Fearful as these mobs have been, I trust they may prove to be lessons, though fearful ones, to guide the popular and loyal masses in the country, in all times of national emergency and peril, for when the services of every citizen or denizen of the country are imperatively required to defend it against powerful and determined foes, either foreign or domestic, and there can be found a strong minority ready and willing to subvert the government by popular violence and tumult or a base submission unworthy the meanest varlet of some monarchy; much less the boasted citizens of this great and magnificent country, it will bring still more forcibly to their minds the truism that “eternal vigilance is the price of liberty.”
These mobs are the stepping-stones upon which base traitors and demagogues hope to mount into arbitrary power, and to overawe and subvert liberty and law. They seek anarchy; and despotism, they think, must succeed. First anarchy, then despotism. They make the negro the catspaw or victim; but the loyalist and the friend of law and order cannot fail to see that every blow directed against the negro is directed against them. Our relation to the government is and has been that of unflinching, unswerving loyalty. Even when the government, by its every precept and practice, conserved the interests of slavery, and slaves were hunted down by United States soldiers and surrendered to traitorous slave-masters, the conduct of the negro was marked with distinguished loyalty.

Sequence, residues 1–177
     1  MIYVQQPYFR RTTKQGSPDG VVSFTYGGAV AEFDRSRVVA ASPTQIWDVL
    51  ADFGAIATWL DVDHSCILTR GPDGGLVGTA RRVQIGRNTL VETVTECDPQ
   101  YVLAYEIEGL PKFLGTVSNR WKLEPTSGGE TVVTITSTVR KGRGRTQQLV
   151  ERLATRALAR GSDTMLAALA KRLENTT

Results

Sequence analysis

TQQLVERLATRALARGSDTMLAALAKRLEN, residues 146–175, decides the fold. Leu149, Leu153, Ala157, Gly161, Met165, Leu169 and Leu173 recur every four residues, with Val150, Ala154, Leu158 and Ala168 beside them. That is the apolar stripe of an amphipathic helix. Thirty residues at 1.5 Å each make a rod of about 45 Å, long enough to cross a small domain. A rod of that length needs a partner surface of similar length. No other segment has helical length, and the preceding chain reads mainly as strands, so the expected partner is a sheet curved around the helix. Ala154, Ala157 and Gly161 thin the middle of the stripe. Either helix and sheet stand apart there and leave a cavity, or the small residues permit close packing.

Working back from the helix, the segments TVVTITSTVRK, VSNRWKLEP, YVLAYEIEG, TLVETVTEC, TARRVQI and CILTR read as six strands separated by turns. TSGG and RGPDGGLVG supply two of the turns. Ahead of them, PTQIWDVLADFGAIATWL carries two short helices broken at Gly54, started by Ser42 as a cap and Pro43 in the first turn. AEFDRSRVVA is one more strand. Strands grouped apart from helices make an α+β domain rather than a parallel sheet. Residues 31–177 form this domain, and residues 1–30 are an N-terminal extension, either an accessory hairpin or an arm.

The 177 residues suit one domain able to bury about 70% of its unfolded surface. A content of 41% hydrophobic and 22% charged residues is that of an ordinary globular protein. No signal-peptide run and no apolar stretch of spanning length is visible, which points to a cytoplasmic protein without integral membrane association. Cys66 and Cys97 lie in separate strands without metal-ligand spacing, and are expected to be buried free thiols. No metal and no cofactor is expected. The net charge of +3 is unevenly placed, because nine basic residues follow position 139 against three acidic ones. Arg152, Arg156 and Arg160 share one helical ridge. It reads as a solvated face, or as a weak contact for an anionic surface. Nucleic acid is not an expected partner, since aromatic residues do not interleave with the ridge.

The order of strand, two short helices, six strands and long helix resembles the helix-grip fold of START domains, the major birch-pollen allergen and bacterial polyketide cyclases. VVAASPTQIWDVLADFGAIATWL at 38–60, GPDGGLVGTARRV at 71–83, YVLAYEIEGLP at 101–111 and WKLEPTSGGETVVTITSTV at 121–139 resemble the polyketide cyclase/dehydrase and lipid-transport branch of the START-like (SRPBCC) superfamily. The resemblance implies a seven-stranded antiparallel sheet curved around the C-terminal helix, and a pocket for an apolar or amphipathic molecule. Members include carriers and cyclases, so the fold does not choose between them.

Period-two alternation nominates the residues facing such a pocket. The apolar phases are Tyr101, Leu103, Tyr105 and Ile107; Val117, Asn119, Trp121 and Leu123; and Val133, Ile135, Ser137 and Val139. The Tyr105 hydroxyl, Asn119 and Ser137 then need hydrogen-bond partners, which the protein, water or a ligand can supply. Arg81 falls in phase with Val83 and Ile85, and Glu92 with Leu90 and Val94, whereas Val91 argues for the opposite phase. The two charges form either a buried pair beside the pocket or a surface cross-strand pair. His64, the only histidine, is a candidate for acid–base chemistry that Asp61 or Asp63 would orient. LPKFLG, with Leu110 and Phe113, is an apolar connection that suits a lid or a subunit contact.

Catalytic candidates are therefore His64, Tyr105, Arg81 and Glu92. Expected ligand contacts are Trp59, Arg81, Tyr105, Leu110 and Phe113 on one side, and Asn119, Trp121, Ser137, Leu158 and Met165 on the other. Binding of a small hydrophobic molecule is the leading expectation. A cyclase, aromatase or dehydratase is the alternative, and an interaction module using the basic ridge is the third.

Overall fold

The instances are too numerous to cite of their braving the most fearful dangers to convey valuable information to the Union armies, and for this, the half yet untold, such has been our reward. Does not Milliken’s Bend and Port Hudson furnish a chapter of valor and faithful loyalty? Is there no justice in America—or are we doomed to general massacre, as Mr. Blair said we would be, in the event of the issue of the President’s Emancipation proclamation? If this be our doom let us prepare for the worst.